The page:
NEW ERA 10 FEATURE 11 Friday, March 9 2018| NEW ERA Curbside counselling? These ‘friendship benches’ bring mental health closer to home Ranga Mberi Harare One in four Zimbabweans suffers from mental illness, but untrained female health workers are setting a new benchmark for the treatment of patients. The therapy room is a patch of waste ground, and the therapist’s couch a wooden bench under a tree. The therapist is an elderly Zimbabwean woman, in a long brown dress and headscarf. H e r p a t i e n t s c a l l h e r “Grandmother” when they come along to sit on her bench and discuss their feelings, their depression or other mental health issues. a poor suburb just south of Zimbabwe’s capital Harare, there are lots of grandmothers – trained who take turns on the park bench to hear stories. They listen to the battered wife who has attempted suicide twice, the man who hates women after he became infected with HIV, the unemployed single mother driven to despair by the struggle of raising four children. The benches are a safe place for people struggling with depression, which in the Shona language is called kufungisisa, “thinking too much”. It is a world away from conventional approaches to mental healthcare, but the Friendship Bench project has changed the lives of an estimated 27 000 Zimbabweans suffering from depression and other mental disorders. The grandmothers, all of whom are trained to improve a patient’s ability to cope with mental stress, listen and nod, offering only an occasional word of encouragement. One in four Zimbabweans suffers from some form of mental illness, but there are only 13 psychiatrists in a country of about 15.6 million, says the World Bank. A solution had to be found, and it came in the way of a bench and the tradition of respect for African matriarchs. Clinics screen their visitors for mental illness through a locally developed tool called the Shona Symptom Questionnaire. It has 14 questions, such as “Have you been struggling to sleep?” and “Have you been worrying too much?” Patients scoring above the cut-off level are referred to the friendship bench. Those who go less likely to have suicidal thoughts, according to Dixon Chibanda, cofounder of the scheme. we use an intervention which we call kuvhura pfungwa [opening of the mind]. They sit and talk about their problems. Through that process, the grandmothers enable Unconventional… Grandmothers working with the Friendship Bench project chat before counselling sessions begin. Photo: Cynthia R Matonhodze problem to focus on, and they help them through it,” he says. Through at least six one-on-one sessions with the health workers, the patients are encouraged to speak about their problems and their mental illness. Traditionally, elderly women play the role of counsellor for younger members of the community. On the bench, however, the grandmothers listen more, and lecture less. “We used to talk a lot, ‘Do this, do that’. But now we ask them to open up, open their minds and hearts,” says Sheba Khumalo, a grandmother. Chibanda says it is mostly we call kuvhura pfungwa [opening of the mind]. They sit and talk they help them through it.” women that visit the bench. “From our recent study, we found that 40% of those coming to the bench who show depression are victims of domestic violence. Whether that violence is caused by the economic situation is something that we have not looked at.” In conservative Zimbabwe, just getting people to open up about their mental health is a victory in itself, says Joyce Ncube, another of the grandmothers. “Many died just because they had nobody to tell their problems to,” she says, settling on to the wooden seat for a session with one of her patients. “When people keep things inside, their problems start.” Maria Makoni is a 49-year-old unemployed mother of three who began therapy earlier this year. “In our culture, you are ridiculed for speaking about your mental health,” says Makoni. She is tense, but lights up when she speaks about the grandmothers. talk to about my problems. When I speak to them, I feel like a load is lifted off my heart.” way to the friendship bench, she many with similar problems. Now she is volunteering to bring more to the bench. “I am ready to speak to as many people as I can.” For many Zimbabweans, poverty – more than 70% of people live below the poverty line – and unemployment are a source of despair. In such a deeply superstitious and religious society, mentally-ill people are sometimes seen as possessed; many are dragged to exorcism sessions at charismatic churches. Chibanda says such beliefs need not be a hurdle, provided the intervention is packaged well. “The term ‘opening of the mind’ does not sound medical at all. We have used those words to package why it’s acceptable.” The programme has had to pick its words carefully, as the grandmothers are meant to be more friends than doctors. The scheme was initially called “mental health bench” but nobody came. “The minute we changed it to friendship bench, it became acceptable, even though we are essentially providing the same thing,” says Chibanda. Researchers say the friendship bench may be a blueprint for mental healthcare in developing countries. In Zimbabwe, the programme will now be rolled out to 60 other clinics across the country. have in providing affordable care,” says Prosper Chonzi, director of health for the City of Harare. “We are glad to see it is being applied to other cities in the country.”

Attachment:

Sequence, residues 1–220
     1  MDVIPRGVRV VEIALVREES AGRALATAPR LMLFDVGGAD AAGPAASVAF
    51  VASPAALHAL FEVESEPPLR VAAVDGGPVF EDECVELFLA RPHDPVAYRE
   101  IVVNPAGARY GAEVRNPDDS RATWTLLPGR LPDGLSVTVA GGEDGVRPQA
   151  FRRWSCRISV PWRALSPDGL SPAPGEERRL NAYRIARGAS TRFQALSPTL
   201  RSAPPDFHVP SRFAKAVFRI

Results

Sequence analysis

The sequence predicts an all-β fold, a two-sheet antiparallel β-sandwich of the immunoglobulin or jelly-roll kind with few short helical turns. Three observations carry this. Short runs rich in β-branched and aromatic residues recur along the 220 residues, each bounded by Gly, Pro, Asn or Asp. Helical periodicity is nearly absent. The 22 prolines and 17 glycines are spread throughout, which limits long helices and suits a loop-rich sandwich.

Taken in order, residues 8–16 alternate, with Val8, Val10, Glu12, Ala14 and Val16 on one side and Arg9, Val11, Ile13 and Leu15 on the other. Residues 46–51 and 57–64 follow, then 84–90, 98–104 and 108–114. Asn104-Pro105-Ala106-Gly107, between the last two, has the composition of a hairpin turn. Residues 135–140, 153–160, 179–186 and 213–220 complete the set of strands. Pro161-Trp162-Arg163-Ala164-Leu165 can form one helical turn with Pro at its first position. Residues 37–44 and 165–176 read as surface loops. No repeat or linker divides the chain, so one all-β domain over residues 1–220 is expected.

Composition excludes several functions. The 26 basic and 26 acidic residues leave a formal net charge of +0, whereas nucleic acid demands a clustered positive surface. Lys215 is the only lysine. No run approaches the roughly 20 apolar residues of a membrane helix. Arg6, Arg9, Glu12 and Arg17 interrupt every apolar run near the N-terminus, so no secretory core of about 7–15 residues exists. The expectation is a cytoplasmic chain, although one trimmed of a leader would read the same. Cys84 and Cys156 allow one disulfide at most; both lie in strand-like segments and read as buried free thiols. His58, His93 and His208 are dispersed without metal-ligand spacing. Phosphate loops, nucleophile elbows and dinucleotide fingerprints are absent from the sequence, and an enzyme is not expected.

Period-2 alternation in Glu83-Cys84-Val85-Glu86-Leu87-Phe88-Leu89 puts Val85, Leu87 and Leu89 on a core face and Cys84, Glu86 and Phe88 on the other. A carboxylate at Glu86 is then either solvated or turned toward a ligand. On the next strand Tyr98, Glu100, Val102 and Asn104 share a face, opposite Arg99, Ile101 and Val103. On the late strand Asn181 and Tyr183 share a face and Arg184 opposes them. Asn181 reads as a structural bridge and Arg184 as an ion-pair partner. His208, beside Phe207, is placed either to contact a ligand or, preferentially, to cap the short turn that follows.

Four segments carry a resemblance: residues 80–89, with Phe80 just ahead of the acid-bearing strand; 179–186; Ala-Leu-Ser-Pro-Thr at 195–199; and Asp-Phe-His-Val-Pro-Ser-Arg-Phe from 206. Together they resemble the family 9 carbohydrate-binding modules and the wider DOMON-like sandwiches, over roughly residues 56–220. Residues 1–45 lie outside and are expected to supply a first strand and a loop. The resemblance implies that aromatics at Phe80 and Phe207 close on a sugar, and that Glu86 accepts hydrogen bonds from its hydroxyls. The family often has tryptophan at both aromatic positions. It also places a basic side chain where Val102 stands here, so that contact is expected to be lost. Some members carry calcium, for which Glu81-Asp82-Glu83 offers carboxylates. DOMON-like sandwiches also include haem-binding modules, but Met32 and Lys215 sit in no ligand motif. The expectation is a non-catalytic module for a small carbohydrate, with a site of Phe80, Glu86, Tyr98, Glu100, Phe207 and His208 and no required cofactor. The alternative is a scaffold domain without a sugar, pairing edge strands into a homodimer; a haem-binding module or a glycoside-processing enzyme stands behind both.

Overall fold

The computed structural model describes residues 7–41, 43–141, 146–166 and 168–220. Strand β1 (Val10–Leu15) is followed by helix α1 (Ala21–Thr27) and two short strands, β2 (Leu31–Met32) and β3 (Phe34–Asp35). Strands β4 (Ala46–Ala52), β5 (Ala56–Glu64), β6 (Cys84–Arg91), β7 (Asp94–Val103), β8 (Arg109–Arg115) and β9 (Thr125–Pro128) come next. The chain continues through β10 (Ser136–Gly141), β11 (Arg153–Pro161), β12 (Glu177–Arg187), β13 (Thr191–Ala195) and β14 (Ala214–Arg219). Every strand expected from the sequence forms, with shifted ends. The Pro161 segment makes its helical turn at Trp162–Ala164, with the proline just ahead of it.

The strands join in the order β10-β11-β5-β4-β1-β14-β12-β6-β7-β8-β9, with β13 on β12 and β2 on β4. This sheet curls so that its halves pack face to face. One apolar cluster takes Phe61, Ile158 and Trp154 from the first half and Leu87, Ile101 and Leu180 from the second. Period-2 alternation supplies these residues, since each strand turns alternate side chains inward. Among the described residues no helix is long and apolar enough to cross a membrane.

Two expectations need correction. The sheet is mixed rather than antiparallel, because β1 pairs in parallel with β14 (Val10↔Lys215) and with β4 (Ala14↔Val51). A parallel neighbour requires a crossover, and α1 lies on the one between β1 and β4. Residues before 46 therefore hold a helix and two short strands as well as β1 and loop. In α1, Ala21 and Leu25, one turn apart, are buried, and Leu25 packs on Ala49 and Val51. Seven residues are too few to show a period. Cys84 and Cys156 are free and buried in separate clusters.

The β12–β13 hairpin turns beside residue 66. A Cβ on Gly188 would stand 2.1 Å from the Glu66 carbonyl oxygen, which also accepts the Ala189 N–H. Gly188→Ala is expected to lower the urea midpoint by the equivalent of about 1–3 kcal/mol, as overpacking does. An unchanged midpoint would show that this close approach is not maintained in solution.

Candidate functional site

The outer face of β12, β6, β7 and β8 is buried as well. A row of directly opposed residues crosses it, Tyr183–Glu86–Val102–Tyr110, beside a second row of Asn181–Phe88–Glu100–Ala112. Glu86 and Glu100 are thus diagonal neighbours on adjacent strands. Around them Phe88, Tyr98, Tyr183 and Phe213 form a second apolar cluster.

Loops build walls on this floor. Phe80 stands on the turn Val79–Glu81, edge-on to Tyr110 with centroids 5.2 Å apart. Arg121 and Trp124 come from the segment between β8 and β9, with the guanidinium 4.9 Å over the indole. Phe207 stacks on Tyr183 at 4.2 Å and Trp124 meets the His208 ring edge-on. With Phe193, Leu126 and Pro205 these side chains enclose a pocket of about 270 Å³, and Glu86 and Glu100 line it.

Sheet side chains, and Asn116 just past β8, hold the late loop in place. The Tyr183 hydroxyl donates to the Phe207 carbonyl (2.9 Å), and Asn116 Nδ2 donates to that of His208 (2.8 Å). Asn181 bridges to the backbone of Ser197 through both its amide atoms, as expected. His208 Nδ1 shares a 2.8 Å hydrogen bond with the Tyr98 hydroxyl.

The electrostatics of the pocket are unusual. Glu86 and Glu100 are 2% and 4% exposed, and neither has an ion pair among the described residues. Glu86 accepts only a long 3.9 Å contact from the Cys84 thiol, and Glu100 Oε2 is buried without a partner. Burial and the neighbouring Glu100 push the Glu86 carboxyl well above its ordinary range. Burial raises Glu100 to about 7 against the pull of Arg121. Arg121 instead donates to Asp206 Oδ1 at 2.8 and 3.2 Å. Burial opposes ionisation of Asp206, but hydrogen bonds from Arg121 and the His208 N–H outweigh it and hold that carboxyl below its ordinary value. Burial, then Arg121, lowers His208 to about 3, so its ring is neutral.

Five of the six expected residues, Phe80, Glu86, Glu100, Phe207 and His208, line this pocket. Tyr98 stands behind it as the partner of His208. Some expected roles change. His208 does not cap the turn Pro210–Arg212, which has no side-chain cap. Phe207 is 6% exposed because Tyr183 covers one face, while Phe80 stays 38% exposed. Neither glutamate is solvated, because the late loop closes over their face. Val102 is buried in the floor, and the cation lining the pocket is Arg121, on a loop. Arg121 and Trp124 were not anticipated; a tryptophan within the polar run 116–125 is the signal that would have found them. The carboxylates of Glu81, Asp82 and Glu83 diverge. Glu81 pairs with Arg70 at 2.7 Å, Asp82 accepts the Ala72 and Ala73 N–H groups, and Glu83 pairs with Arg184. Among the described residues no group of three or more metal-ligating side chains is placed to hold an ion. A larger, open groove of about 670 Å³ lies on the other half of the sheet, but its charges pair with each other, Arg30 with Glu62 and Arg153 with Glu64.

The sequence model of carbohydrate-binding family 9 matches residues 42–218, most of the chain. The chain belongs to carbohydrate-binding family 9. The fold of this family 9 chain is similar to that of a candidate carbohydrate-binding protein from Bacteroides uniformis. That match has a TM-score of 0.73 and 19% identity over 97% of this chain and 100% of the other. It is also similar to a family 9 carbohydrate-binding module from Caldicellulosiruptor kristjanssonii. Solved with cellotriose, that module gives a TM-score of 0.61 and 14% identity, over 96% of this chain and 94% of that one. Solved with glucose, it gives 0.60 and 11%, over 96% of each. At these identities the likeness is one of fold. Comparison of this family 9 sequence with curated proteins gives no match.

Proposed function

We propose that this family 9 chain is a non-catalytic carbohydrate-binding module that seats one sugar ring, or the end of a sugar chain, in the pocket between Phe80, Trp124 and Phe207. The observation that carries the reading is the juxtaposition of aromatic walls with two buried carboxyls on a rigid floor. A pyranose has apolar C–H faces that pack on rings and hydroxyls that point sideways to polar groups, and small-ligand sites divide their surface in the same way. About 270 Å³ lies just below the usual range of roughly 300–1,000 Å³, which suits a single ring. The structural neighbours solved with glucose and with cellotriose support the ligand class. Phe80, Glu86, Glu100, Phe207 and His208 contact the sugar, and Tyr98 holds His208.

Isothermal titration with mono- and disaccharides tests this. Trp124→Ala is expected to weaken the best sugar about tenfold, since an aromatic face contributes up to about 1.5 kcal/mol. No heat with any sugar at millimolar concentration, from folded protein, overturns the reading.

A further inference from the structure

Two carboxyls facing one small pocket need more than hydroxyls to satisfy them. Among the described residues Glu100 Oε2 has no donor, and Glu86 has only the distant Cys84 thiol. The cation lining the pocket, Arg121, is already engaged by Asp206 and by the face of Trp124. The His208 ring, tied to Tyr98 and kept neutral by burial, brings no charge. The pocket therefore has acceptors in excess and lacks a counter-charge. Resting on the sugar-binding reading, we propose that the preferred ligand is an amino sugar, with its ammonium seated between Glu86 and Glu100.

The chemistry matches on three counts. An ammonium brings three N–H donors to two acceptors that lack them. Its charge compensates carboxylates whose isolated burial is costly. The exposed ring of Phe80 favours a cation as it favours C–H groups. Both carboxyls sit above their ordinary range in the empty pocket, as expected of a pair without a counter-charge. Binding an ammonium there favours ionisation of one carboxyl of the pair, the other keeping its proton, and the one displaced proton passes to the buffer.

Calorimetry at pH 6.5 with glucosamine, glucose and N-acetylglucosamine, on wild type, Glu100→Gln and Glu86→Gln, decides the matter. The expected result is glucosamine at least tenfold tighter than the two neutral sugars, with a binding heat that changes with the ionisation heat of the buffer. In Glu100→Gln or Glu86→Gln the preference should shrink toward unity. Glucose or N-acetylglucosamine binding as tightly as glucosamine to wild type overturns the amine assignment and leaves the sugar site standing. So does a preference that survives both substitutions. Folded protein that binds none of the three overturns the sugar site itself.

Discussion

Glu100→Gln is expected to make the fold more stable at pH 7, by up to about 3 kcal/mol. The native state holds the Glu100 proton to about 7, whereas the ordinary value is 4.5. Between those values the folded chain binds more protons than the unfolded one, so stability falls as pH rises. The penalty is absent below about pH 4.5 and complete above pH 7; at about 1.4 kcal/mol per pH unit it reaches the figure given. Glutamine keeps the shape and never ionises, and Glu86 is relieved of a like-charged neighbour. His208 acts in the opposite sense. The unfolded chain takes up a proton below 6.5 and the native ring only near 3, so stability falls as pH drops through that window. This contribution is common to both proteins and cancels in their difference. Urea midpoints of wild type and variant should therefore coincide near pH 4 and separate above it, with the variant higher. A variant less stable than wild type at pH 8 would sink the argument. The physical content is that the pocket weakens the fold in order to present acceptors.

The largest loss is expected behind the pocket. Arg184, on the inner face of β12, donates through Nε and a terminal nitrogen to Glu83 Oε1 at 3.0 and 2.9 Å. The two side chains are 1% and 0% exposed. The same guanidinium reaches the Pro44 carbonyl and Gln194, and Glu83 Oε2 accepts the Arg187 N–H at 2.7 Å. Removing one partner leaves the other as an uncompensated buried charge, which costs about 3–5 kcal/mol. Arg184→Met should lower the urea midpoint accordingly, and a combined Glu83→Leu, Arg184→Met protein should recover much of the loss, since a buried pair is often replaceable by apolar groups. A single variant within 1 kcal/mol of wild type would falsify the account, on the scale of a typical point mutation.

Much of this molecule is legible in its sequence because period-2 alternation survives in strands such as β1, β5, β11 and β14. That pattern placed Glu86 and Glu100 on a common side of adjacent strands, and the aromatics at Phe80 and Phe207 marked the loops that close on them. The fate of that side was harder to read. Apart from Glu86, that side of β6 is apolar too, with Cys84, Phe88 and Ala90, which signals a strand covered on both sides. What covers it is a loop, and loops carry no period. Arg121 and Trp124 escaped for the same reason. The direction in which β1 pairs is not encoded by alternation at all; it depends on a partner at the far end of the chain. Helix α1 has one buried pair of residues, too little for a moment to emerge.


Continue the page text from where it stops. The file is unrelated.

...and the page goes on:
Friday, March 9 2018| NEW ERA 11 Nuusita Ashipala AMTA boss clears air on PPP with Fysal New Era journalist Nuusita Ashipala (NA) talked to Agro-Marketing and Trade Agency (AMTA)’s Managing Director Lungameni Lucas (LL) NA: How does Fysal’s collaborating with the Ongwediva Fresh Produce mandate to promote and develop locally grown produce at the expense of foreign produce? LL: increase the commission to AMTA NA: How is AMTA going to ensure that Namibian produce continues to enjoy an advantage in procurement, and receive prominent retail shelf space at Fysal retail shops? Currently, Fysal already markets and sells more than 60 percent of produce bought directly from South African farmers. How is AMTA going to facilitate the reduction in that percentage to favour Namibian produce, as dictated by the HDI? LL: situation is not likely to change any time soon due to required climatic LL: NA: How does AMTA rate the competition of Namibian produce compared to South African produce? Have the Namibian product reached a level where they can compete fairly with South African products? LL: Managing Director at AMTA, Lungameni Luca NA: Perhaps AMTA can also tell us the rationale behind the partnership with Fysal. LL: to come on board and assist other Pohamba asked AMTA to offer market-related prices to farmers, saying the current rates are too low. How does AMTA decide the rate offered to farmers? How do these rates compare to the market rates, such as the South African weekly fruit and vegetable prices. LL: Prices are negotiated with NA: Local farmers were previously reluctant to bring their produce to the hub because they were not paid on time. Has that been resolved? What is the current payment system? LL: NA: Apart from selling to individuals, including vendors who frequent the hub, how many Namibian retail chains and shops are currently supplied by AMTA’s hub? Are we able to have a geographical indication of where these retailers are? LL: NA: If possible can you give us an indication, in percentages, of how many tonnes of local produce AMTA supplies to Namibian retailers, vis-à-vis the imported produces, on an annual basis? LL: NA: How far is AMTA from rolling out a high-quality packaging system and grading of produce from local producers, which compete at the same level with South African produce, such as those that come aboard Fysal trucks? Ready for the market... Pohamba, Manager of Ongwediva Fresh Produce Business Hub Jacob Hamutenya, AMTA’s Managing Director Lungameni Lucas and the Governor of Oshikoto Region Henok Kankoshi tour the Ongwediva Fresh Produce Business Hub.